This year the Women in Seafood (WSI) video competition has been held for the third time and attracted 32 entries from 14 countries. Every one of them has behind it ‘a story worth sharing,’ according to the international jury tasked with selecting the winning entries.
‘This year the videos of very high standard pay a wonderful tribute to women working in the seafood sector,’ said WSI President Marie Christine Monfort.
‘Their commitment, their resilience and their love of their work are portrayed very convincingly. All actors in the videos, directors and real characters, should be warmly congratulated.
The first prize went to Galician film Women of the Arousa Sea. ‘Touching, Strong, positive, with context and showing diverse angles of women at sea,’ commented one jury member.
The second prize was awarded to Indian film Oyster farming in Wadatar.
Third prize went to a Peruvian entry, Truchas arapa, or The Aquaculture Women of Lake Arapa.
This third competition has received the support of the French Development Agency (AFD) and the International Association for Fish Inspectors. MATIS from Iceland, a loyal supporter of WSI, for the third year supplied the technical logistics.
‘The WSI video competition made me feel wonderful moments by navigating through the experiences of positive, tough and pro-active women from all over the world. Most are examples that should be shared, serving as models for engaging women in pro-active decisions and sustainable practices toward a better world,’ said Alpina Begossi, Professor at Ecomar/Unisanta in Brazil, one of the judges alongside UK journalist Nicki Holmyard, freelance ecological and fisheries economist and Soulfish director Cecile Brugere, Worldfish programme leader Pippa Cohen, fisheries and aquaculture consultant Izzat Feidi, Western Indian Ocean Marine Science Association executive secretary Julius Francis and USAID Oceans gender integration specialist Arlene Nietes Satapornvanit.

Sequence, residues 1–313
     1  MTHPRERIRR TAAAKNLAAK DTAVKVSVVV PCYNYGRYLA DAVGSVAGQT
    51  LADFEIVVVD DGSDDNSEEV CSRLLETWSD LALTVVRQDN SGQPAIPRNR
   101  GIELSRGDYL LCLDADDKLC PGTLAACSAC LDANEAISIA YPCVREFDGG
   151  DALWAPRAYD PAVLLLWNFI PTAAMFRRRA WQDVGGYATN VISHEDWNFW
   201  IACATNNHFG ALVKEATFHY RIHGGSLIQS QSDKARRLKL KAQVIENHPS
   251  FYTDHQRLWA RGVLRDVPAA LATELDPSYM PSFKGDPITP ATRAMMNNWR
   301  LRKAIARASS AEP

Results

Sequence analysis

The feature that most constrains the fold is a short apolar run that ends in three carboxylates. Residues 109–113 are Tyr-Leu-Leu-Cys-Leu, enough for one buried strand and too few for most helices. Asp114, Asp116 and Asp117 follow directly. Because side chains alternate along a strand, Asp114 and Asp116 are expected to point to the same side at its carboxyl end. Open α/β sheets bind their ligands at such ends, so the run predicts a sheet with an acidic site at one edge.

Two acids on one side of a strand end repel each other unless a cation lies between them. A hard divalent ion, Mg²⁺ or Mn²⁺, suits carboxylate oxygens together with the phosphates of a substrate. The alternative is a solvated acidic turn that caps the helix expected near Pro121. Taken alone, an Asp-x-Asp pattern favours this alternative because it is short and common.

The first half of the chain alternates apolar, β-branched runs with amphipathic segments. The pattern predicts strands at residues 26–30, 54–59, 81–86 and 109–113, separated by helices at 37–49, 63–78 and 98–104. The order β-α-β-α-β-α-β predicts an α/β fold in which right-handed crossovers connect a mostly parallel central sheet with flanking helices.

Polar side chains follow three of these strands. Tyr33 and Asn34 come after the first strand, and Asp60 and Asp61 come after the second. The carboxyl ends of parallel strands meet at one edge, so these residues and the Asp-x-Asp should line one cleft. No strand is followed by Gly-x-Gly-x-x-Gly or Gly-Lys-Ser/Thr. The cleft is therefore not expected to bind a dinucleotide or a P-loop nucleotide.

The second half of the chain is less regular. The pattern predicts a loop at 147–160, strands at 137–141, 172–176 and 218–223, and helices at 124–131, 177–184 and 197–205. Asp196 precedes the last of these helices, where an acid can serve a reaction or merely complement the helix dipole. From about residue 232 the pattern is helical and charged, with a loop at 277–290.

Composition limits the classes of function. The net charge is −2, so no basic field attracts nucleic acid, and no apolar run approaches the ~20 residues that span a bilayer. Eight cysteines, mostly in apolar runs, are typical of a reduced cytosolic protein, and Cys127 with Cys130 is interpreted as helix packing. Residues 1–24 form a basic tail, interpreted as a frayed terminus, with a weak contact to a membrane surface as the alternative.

‘The standard of all the films was high, and they demonstrated the many ways in which women are active throughout the seafood industry. There were happy tales and sad tales, tales of bravery and perseverance, and tales of the struggle against circumstance. A couple of films even brought a tear to my eye. All the women should be congratulated on their outstanding efforts; they left me in awe,’ commented Nicki Holmyard.
In addition, two excellence prizes were awarded. These went to Leadership des femmes transformatrices au Sénégal, described as an ‘Excellent video – great music and visuals, where women were at the front and innovations current and important.’
A second Excellence prize went to Peruvian film Women with Tradition.
Mexican film Mujeres del mar was given a special mention as a ‘Very good example of the work of a community in which women share experiences.’
A second special mention went to Galician film Mujeres a bordo, described as ‘an excellent lesson to those who do not believe that a woman can do it!’
‘We are happy to announce that the 2020 competition is open to entries and we look forward to receiving new wonderful testimonies from all over the world, making visible the often invisible yet paramount contribution of women to the seafood industry,’ Marie Christine Monfort concluded.